$$\frac{1}{d-(m+d)\cos\theta} \cdot\frac{m+d}{n+d} \cdot\frac{n}{1} \stackrel{?}{=} 1 \qquad\to\qquad d^2-mn \stackrel{?}{=} (m+d)(n+d)\cos\theta \tag{4}$$

This is relation $(7)$ from the previous answer. As shown there, the equality holds due to a Pythagorean relation that I won't repeat here (because I removed a few of the relevant lengths from the figure). Thus, we have $(\star\star)$, which implies that $H$, $K$, $L$ are indeed collinear. $\square$


Note. $H$ can actually be anywhere on the incircle (barring degeneracies). The reader is invited to adapt the above argument accordingly; that said, a coordinate-based proof, albeit computationally cumbersome, can be performed that is completely agnostic as to the position of $H$.

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We can analytically prove that the straight line spanned by $HK$ passes through the midpoint of $BC$ as follows. Let the side $BC$ of the triangle lies along $x$-axis, and the origin $O$ is the midpoint of $BC$. Let ther vertex $A$ is a point $(0,a)$ and the vertices $B$ and $C$ are points $(-b,0)$ and $(b,0)$ respectively ($a,b>0$). Let $I=(0,r)$ be the center of the incircle and $H=(x_h,y_h)=I+r(\cos\varphi,\sin\varphi)$. Let $R$ (resp. $S$) be the tangent point of the incircle to the side $AB$ (resp. $AC$) of the triangle $ABC$. Since the point $H$ belongs to the upper arc of the incircle spanned by the points $R$ and $S$, $\theta\le\varphi\le\pi-\vartheta$, where $\tan\theta=\tfrac ba$. Let $M=(m,h_m)$, $P=(0,h_m)$, $N=(n,h_n)$, $Q=(0,h_n)$. Collinearity of points $A$, $B$, and $M$ implies $h_m=a\left(\tfrac {m}{b}+1\right)$. Similarly, collinearity of points $A$, $C$, and $N$ implies $h_n=a\left(\tfrac {-n}{b}+1\right)$. Let $K=(x_k,y_k)$. Similarity of triangles $KMP$ and $KQN$ implies $\tfrac{x_k-m}{h_m}=\tfrac{n-x_k}{h_n}$, so $x_k=\tfrac {nh_m+mh_n}{h_m+h_n}.$ Considering an angle $NPQ$, we obtain $\tfrac{x_k-m}{y_k}=\tfrac{|PQ|}{|NQ|}=\tfrac{n-m}{h_n}$. Thus $$y_k=\frac {h_n(x_k-m)}{n-m}=\frac{h_n}{n-m}\left(\frac {nh_m+mh_n}{h_m+h_n}-m\right)=\frac {h_mh_n}{h_m+h_n}.$$ It remains to show that the points $O$, $K$, and $H$ are collinear, that is $$\frac{b}{a}\left(\frac{n}{b-n}+\frac{m}{m+b}\right)= \frac{n}{h_n}+\frac{m}{h_m}=\frac{x_k}{y_k}=\frac{x_h}{y_h}=\tfrac{\cos\varphi}{1+\sin\varphi}.$$ Since $MH\perp IH$ we have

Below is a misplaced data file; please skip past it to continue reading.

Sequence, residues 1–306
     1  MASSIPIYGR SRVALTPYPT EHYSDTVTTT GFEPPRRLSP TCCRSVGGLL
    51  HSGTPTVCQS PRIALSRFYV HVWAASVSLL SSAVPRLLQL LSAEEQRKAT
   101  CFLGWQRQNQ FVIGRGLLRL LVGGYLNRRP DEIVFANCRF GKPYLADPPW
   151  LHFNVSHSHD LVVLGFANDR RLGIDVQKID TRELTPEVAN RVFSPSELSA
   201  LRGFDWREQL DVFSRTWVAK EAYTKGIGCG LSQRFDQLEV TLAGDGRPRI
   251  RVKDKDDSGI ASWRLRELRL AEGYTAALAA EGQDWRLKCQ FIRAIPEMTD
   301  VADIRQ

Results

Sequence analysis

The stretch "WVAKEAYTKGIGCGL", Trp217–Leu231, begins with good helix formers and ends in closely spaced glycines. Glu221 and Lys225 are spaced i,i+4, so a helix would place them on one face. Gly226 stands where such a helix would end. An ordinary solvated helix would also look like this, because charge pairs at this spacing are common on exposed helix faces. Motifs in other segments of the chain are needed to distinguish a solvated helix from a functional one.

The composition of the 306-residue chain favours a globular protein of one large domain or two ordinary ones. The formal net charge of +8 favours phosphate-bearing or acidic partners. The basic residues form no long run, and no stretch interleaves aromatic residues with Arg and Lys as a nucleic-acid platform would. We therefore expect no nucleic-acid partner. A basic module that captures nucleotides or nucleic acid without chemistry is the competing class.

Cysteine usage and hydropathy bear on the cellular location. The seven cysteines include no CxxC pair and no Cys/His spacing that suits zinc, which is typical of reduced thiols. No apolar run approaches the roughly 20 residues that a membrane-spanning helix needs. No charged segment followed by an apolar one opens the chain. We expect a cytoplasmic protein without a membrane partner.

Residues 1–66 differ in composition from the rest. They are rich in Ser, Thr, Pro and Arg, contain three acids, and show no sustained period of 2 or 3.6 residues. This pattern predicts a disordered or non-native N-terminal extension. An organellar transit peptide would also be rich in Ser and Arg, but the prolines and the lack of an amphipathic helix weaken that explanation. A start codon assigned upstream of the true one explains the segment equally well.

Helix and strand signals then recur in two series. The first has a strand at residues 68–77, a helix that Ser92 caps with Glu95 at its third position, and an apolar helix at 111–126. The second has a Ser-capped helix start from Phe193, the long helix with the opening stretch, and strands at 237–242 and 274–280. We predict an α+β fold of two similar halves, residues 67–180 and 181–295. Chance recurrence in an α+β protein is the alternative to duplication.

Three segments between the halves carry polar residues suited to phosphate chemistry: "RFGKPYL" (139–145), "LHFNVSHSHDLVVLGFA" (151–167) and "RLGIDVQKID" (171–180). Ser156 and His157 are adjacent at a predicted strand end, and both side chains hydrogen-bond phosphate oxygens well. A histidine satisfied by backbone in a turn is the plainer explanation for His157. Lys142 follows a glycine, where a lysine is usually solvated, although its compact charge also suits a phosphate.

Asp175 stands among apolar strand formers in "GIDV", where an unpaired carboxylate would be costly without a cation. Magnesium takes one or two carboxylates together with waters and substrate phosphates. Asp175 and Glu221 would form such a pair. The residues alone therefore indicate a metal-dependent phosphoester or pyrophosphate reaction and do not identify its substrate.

$(r\cos\varphi-m)r\cos\varphi+\left(r(1+\sin\varphi)- a\left(\tfrac {m}{b}+1\right)\right)r\sin\varphi =0$

$(r\cos\varphi-m)\cos\varphi+\left(r(1+\sin\varphi)- a\left(\tfrac {m}{b}+1\right)\right)\sin\varphi =0$

$br-bm\cos\varphi+rb\sin\varphi-am\sin\varphi-ab\sin\varphi=0$

If $ b\cos\varphi+ a\sin\varphi =0$ then $HI\perp AB$, so $H=R$. Then $N=A$, so $Q=O$ and formally $M$ can be any point of $AB$. But in order to have the straight line spanned by $HK$ passes through $O$, we restrict ourselves to $M=R$ in this case. Then $H=M$ and $K$ belongs to $MO$.

Below we shall assume that $a\sin\varphi+ b\cos\varphi \ne 0$. Then

$m=b\frac{r(1+\sin\varphi)-a\sin\varphi }{b\cos\varphi+ a\sin\varphi}.$

It follows

$\frac{m}{m+b}=1-\frac{ a\sin\varphi+ b\cos\varphi}{b\cos\varphi+ r(1+\sin\varphi)}.$

Similarly, since $NH\perp IH$ we have

$(r\cos\varphi-n)r\cos\varphi+\left(r(1+\sin\varphi)-a\left(\tfrac{-n}{b}+1\right)\right)r\sin\varphi =0$

$br-bn\cos\varphi+rb\sin\varphi+an\sin\varphi-ab\sin\varphi=0$

If $b\cos\varphi-a\sin\varphi=0$ then $HI\perp AC$, so $H=S$. Then $M=A$, so $P=O$ and formally $N$ can be any point of $AC$. But in order to have the straight line spanned by $HK$ passes through $O$, we restrict ourselves to $M=S$ in this case. Then $H=M$ and $K$ belongs to $NO$.

Below we shall assume that $b\cos\varphi-a\sin\varphi\ne 0$. Then

$n=b\frac{r(1+\sin\varphi) -a\sin\varphi}{b\cos\varphi-a\sin\varphi }.$

It follows

$\frac{n}{b-n}=-1+\frac{b\cos\varphi-a\sin\varphi }{b\cos\varphi-r(1+\sin\varphi)}.$

Thus

$\frac{m}{m+b}+\frac{n}{b-n}=\frac{b\cos\varphi-a\sin\varphi }{b\cos\varphi-r(1+\sin\varphi)}- \frac{ a\sin\varphi+ b\cos\varphi}{b\cos\varphi+ r(1+\sin\varphi)}=$

$\frac{2b\cos\varphi(r(1+\sin\varphi)-a\sin\varphi)}{b^2\cos^2\varphi-r^2(1+\sin\varphi)^2}$.

So it remains to verify that

$\frac ba\frac{2b\cos\varphi(r(1+\sin\varphi)-a\sin\varphi)}{b^2\cos^2\varphi-r^2(1+\sin\varphi)^2}=\frac{\cos\varphi}{1+\sin\varphi}$

It suffices to check that

$\frac{2b^2(r(1+\sin\varphi)-a\sin\varphi)}{b^2\cos^2\varphi-r^2(1+\sin\varphi)^2}=\frac{a}{1+\sin\varphi}$

$\frac{2b^2(r(1+\sin\varphi)-a\sin\varphi)}{b^2(1+\sin\varphi)(1-\sin\varphi)-r^2(1+\sin\varphi)^2}=\frac{a}{1+\sin\varphi}$

$2b^2(r(1+\sin\varphi)-a\sin\varphi)=a(b^2(1-\sin\varphi)-r^2(1+\sin\varphi))$

$(2b^2r-ab^2+ar^2)(1-\sin\varphi)=0$

That is, we need to show that $2b^2r-ab^2+ar^2=0$. That is $r=\tfrac{-2b^2\pm \sqrt{4b^4+4a^2b^2}}{2a}=\tfrac{-b^2\pm b\sqrt{b^2+a^2}}{a}$. Indeed, the radius $r$ equals the area $ab$ of the triangle $ABC$ divided by its semiperimeter $b+\sqrt{a^2+b^2}$. It follows $r=\frac ba\left(\sqrt{a^2+b^2}-b \right)$.